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United States Department of Agriculture

Agricultural Research Service

Title: Summertime Transport of Current Use Pesticides from California's Central Valley to the Sierra Nevada Mountain Range.

Authors
item Lenoir, James - DUPONT
item McConnell, Laura
item Fellers, Gary - USGS
item Cahill, Thomas - UNIV. NV RENO

Submitted to: Journal of Society of Environmental Toxicology and Chemistry
Publication Type: Peer Reviewed Journal
Publication Acceptance Date: March 30, 1999
Publication Date: N/A

Interpretive Summary: Agricultural activity in California's Central Valley may be an important source of pesticides to the Sierra Nevada Mountain range. Pesticides applied to this area of intensive crop production volatilize under high temperature, summer conditions and are transported through the atmosphere where residues may be deposited to the colder, high elevation regions of the Sierra Nevada Mountains. High voulume air, dry deposition, and surface water samples were collected in the Central Valley at different elevations in California's Sequoia National Park to determine the extent of summertime atmospheric transport of pesticides to this region. Results revealed the highest concentrations were for those compounds with heavy summertime agricultural use rates. A significant drop in pesticide concentrations in both air and water samples was observed within a few hundred meters elevation from the Valley; however, levels remained relatively constant between ~500-~2000-m. Water concentrations from two sites above 3000m contained levels 10 to 100 times lower than the other stations. The pesticides with the highest air concentrations within Sequoia National Park were detected at the 533m elevation site: chlorpyrifos (1.71 ng/m3), chlorpyrifos-oxon (2.86 ng/m3), a-endosulfan (1.07 ng/m3), and b-endosulfan (0.19 ng/m3). Highest concentrations of pesticides in Sierra Nevada mountain surface waters were chlorpyrifos (118 ng/L), and b-endosulfan(102 ng/L). Possible impact of these pesticide residues was determined using measured water concentrations to calculate total exposure of three aquatic species to organophosphate insecticides and their oxygen analogs. Results showed concentrations were well below 96-hour LC50 values for stonefly and rainbow trout but were at levels that might by harmful to amphipods.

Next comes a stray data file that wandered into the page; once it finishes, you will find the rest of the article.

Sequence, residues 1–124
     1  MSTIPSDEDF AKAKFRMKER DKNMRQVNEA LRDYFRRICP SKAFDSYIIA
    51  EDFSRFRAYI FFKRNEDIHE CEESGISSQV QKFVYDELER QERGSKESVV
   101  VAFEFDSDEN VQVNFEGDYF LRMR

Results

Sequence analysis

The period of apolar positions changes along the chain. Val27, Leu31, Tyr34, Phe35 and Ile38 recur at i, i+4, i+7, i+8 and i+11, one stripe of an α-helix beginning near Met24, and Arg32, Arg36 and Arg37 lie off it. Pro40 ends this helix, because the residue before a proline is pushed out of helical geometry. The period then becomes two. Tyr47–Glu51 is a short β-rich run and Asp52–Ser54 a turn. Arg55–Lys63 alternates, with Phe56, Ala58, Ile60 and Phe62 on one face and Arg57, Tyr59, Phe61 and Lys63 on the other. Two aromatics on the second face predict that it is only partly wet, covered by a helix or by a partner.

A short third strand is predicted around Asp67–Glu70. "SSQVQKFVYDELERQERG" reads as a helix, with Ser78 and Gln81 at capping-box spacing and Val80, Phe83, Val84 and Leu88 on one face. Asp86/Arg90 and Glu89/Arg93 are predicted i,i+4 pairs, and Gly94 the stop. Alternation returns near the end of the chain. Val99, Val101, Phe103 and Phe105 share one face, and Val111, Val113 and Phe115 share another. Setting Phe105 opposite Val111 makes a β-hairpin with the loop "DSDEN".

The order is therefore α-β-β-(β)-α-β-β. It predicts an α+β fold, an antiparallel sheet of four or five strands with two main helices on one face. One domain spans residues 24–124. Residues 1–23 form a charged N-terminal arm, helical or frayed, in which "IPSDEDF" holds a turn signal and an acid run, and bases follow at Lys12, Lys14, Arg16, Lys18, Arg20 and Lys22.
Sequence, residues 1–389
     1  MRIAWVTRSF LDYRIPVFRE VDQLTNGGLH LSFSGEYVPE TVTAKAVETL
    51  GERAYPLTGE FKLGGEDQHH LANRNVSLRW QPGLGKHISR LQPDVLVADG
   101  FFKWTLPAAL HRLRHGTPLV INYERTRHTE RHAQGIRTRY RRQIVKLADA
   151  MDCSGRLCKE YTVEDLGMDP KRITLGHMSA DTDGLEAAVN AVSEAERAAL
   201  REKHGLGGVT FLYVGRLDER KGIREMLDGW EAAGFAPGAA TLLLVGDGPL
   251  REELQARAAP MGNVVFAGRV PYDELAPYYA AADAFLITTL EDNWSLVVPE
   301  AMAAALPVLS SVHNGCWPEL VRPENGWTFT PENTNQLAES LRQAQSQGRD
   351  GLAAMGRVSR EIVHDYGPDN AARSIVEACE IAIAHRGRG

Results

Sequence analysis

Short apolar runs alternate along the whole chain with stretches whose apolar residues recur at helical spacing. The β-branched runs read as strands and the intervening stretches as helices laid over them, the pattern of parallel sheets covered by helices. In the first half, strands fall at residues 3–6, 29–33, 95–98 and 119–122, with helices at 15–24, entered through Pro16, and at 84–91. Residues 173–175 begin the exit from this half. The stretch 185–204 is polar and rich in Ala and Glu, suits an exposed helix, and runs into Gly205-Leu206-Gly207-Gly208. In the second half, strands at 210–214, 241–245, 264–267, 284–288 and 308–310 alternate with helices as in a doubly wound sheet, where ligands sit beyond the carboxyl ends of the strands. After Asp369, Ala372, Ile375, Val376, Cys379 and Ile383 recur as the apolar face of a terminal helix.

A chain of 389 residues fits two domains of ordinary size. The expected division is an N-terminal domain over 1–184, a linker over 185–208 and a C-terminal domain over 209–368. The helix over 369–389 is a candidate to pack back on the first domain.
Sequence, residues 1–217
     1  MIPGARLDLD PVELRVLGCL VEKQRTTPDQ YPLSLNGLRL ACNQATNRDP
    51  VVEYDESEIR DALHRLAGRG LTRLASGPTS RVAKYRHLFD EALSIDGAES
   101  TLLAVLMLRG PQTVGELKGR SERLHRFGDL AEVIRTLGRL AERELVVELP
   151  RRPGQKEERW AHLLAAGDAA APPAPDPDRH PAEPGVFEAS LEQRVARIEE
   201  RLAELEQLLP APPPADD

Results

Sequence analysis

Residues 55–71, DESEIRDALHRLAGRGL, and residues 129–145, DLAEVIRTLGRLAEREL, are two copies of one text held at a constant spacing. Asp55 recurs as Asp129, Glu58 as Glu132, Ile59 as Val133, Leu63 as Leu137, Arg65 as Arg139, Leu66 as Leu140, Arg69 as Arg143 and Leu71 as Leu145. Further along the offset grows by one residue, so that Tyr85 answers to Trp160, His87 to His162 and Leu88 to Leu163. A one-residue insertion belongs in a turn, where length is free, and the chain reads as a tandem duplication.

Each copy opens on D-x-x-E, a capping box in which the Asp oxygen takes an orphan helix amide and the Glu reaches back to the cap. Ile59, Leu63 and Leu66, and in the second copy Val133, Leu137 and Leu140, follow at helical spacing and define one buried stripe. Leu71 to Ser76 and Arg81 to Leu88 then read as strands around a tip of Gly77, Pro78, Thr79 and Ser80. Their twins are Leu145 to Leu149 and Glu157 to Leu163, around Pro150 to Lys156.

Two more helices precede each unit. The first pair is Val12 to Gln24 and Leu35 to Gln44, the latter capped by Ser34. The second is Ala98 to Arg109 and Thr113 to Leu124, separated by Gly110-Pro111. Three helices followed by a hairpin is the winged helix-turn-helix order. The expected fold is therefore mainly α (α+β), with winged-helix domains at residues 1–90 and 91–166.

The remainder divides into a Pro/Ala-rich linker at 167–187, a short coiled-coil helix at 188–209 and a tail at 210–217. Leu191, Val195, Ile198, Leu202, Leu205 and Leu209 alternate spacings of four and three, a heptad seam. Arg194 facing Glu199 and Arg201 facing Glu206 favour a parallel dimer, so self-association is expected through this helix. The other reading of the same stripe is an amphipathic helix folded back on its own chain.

Technical Abstract: Agricultural activity in California's Central Valley may be an important source of pesticides to the Sierra Nevada Mountain range. Pesticides applied to this area of intensive crop production volatilize under high temperature, summer conditions and are transported through the atmosphere where residues may be deposited to the colder, high elevation regions of the Sierra Nevada Mountains. High volume air, dry deposition, and surface water samples were collected in the Central Valley and at different elevations in California's Sequoia National Park to determine the extent of summertime atmospheric transport of pesticides to this region. Results revealed the highest concentrations were for those compounds with heavy summertime agricultural use rates. A significant drop in pesticide concentrations in both air and water samples was observed within a few hundred meters elevation from the Valley; however, levels remained relatively constant between ~500-~2000-m. Water concentrations from two sites above 3000m contained levels 10 to 100 times lower than the other stations. The pesticides with the highest air concentrations within Sequoia National Park were detected at the 533m elevation site. Results showed concentrations were well below 96-hour LC 50 values for stonefly and rainbow trout but were at levels that might be harmful to amphipods. While more work is required to determine actual annual flux values to the region, results from this project do indicate that pesticides volatilized from the Central Valley are a consistent source of these toxicants to the Sierra Nevada Mountains.

Last Modified: 8/21/2014
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